ASPEN, Colorado—Every summer for a decade, some of the nation’s top national security leaders have been gathering at the bucolic Aspen Institute to talk shop, discussing everything from nuclear proliferation to NATO to space wars. You name it, they’ve talked about it—with one glaring exception: white supremacist violence.
This weekend, for the first time, the group of National Security wonks focused on the often-overlooked threat, which is both growing and deadly.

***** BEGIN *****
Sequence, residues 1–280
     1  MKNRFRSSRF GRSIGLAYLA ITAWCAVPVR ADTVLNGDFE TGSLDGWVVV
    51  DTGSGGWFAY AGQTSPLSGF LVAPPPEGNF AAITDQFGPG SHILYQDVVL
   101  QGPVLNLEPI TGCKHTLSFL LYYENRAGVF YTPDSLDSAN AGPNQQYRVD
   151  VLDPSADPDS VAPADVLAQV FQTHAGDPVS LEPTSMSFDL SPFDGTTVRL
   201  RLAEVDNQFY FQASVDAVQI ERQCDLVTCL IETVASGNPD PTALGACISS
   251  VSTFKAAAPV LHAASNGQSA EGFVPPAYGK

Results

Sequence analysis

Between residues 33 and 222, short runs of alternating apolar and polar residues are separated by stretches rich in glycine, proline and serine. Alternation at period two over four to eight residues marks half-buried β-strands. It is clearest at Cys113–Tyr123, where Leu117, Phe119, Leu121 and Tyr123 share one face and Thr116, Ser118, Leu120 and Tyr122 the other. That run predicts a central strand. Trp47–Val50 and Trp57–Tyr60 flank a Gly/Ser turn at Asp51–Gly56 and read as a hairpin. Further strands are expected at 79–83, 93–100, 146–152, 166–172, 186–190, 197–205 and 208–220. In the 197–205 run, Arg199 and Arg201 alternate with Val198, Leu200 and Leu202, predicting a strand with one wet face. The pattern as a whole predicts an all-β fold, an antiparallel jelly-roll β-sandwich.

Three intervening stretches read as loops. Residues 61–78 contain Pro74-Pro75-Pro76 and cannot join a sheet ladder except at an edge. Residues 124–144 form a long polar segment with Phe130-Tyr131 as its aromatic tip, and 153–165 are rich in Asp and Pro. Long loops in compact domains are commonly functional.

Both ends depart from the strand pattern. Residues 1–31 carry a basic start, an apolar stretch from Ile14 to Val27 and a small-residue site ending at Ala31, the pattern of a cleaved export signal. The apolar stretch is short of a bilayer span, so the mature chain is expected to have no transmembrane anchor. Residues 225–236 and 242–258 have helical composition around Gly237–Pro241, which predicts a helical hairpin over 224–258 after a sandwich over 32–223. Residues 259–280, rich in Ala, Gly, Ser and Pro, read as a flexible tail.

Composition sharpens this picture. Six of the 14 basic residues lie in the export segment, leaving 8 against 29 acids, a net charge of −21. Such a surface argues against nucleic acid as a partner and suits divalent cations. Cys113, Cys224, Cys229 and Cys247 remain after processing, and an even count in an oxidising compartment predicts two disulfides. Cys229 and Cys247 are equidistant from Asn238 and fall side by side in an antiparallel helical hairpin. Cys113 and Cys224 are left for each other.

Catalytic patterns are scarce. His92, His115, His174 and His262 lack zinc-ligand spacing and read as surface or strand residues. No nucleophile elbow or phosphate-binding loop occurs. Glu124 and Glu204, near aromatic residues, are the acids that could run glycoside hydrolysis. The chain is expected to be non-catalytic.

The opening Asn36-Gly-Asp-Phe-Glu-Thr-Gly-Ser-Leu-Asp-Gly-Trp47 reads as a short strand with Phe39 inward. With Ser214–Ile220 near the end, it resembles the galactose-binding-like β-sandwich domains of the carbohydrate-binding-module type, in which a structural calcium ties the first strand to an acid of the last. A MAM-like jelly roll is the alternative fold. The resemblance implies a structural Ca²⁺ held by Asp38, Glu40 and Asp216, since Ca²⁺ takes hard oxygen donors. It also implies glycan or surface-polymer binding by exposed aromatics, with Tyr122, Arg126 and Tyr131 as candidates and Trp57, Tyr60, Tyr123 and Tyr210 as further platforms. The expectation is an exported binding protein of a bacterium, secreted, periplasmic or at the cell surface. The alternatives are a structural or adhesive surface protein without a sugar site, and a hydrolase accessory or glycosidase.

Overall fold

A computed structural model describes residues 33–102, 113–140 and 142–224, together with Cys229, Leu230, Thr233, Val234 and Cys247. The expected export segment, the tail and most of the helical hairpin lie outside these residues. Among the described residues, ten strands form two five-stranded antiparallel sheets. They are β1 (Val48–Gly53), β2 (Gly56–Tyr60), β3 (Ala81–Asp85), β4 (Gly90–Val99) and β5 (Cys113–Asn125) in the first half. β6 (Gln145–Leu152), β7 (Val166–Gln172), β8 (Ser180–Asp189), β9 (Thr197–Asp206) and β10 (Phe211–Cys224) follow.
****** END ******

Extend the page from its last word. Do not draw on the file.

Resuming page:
Talking about white supremacist terrorism makes many people in the national security space uncomfortable, and for a host of reasons. Department of Homeland Security officials say it’s the FBI’s problem, and they recently disbanded a domestic terror intelligence unit. Trump administration officials, meanwhile, are loath to zero in on groups the president once described as “very fine people.” And Congress, which can barely pass legislation to keep the government’s lights on, has proved basically ineffectual in the face of the threat.